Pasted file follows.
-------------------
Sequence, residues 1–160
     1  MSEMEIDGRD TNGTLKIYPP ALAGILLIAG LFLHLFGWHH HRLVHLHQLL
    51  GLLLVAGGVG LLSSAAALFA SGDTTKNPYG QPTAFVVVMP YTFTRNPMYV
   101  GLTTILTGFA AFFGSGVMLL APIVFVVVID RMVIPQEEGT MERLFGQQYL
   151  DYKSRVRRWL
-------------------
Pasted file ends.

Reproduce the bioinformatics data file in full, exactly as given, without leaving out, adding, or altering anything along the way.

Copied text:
Sequence, residues 1–160
     1  MSEMEIDGRD TNGTLKIYPP ALAGILLIAG LFLHLFGWHH HRLVHLHQLL
    51  GLLLVAGGVG LLSSAAALFA SGDTTKNPYG QPTAFVVVMP YTFTRNPMYV
   101  GLTTILTGFA AFFGSGVMLL APIVFVVVID RMVIPQEEGT MERLFGQQYL
   151  DYKSRVRRWL